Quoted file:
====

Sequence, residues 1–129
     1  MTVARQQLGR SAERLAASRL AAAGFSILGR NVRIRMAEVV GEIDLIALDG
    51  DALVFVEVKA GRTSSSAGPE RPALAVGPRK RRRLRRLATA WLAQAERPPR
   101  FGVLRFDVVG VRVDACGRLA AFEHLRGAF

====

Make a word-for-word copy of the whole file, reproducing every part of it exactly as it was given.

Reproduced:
Sequence, residues 1–129
     1  MTVARQQLGR SAERLAASRL AAAGFSILGR NVRIRMAEVV GEIDLIALDG
    51  DALVFVEVKA GRTSSSAGPE RPALAVGPRK RRRLRRLATA WLAQAERPPR
   101  FGVLRFDVVG VRVDACGRLA AFEHLRGAF